At the appointed time he emerged from the chimney to the delight of the children, whose voices drowned the piano from which a young lady was extracting a march.

The old gentleman before entering the church had been fond of dancing, and this being known to the pianist she mischievously struck a lively jig tune. The effect was magical and in a moment the audience was witnessing such a specimen of jig dancing as is seldom seen on the stage.

There is no knowing what would have been the result had the jig tune continued. When the music ceased Old Kriss required a rest before continuing his part. The affair was fully enjoyed by the majority of the audience, but the more staid members frowned upon it and for some time did not believe the excuse he offered that he couldn't help it.

Streets Attracted Youth
Toys, confectionery and fireworks were as much in evidence among the young as were the dinners of the year, in which the turkey and mince pie were prominent.

But when the weather was not extra severe it was in the street that the boys would be found. In fact as tempting as were the tables, compulsion was often required to fill the chairs. Then parents expected every member of their families to partake of the Christmas dinner at home.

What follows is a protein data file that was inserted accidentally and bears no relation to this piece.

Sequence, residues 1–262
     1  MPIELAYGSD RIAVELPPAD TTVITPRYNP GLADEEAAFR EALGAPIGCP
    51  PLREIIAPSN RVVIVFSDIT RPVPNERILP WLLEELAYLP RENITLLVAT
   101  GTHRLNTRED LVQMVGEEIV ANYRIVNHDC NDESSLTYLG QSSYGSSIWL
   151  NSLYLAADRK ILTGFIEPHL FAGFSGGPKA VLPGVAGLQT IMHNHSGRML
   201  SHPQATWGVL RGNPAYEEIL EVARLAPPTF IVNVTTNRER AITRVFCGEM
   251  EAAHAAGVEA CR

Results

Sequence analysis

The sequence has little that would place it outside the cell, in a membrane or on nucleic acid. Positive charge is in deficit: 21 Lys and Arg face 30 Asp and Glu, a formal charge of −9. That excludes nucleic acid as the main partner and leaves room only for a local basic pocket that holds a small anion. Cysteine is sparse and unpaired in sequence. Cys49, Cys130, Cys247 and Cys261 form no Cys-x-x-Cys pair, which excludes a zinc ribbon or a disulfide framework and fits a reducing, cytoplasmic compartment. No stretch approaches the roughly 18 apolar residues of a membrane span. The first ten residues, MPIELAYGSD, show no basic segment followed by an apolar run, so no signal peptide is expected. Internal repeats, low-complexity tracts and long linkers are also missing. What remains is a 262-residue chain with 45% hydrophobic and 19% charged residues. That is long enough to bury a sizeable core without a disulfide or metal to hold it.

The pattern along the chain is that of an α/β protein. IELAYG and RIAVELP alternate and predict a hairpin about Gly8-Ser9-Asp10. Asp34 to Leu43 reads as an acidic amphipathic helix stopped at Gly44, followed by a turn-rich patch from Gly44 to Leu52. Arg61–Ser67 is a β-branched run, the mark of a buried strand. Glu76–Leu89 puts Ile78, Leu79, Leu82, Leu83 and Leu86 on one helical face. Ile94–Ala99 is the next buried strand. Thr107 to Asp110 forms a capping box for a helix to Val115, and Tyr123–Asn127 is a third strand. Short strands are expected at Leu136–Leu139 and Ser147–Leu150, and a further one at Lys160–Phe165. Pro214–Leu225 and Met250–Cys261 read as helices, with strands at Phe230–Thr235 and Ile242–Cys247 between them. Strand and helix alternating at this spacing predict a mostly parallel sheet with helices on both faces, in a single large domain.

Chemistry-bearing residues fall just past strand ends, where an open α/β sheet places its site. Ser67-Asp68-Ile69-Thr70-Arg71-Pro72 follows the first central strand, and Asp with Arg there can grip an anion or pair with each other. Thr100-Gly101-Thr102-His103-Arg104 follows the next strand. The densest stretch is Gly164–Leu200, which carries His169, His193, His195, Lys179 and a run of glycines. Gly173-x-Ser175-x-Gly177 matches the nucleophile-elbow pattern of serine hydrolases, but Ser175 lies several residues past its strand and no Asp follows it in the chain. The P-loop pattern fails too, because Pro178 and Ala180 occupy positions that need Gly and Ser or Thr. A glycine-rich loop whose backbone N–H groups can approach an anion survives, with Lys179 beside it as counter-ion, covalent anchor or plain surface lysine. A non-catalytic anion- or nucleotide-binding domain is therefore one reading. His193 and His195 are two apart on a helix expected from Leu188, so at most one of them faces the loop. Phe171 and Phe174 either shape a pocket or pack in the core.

There were other attractive spots and by the dinner hour the young people often had become so gorged with sweet stuff that dinner was not thought of. And if along the river shore in the canal and on the streams and the many ponds there was good skating, many absentees from the family fireside were there enjoying themselves, for it was not always such sport could be had.

When there was good sleighing it was popular, and while on Pennsylvania avenue and other streets could be seen many fine turnout with horsepower, the youngsters with bobsleds, mostly homemade, were making merry.

Of toys there was the doll baby, a crude affair beside the costly ones of the present, but few being jointed and most of them were homemade. Painted heads were bought and at home attached to bodies and dressed. Swiss and German make were the most of them. Noah's arks with the animal figures, sets of soldiers in wood and metal, and, in fact, but a few other toys were there.